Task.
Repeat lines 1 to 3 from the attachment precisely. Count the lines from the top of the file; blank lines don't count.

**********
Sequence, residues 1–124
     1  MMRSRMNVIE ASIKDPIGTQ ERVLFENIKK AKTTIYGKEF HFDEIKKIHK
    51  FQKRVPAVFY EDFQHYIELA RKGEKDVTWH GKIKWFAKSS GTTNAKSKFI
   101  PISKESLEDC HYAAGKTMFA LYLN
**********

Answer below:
Sequence, residues 1–124
     1  MMRSRMNVIE ASIKDPIGTQ ERVLFENIKK AKTTIYGKEF HFDEIKKIHK
    51  FQKRVPAVFY EDFQHYIELA RKGEKDVTWH GKIKWFAKSS GTTNAKSKFI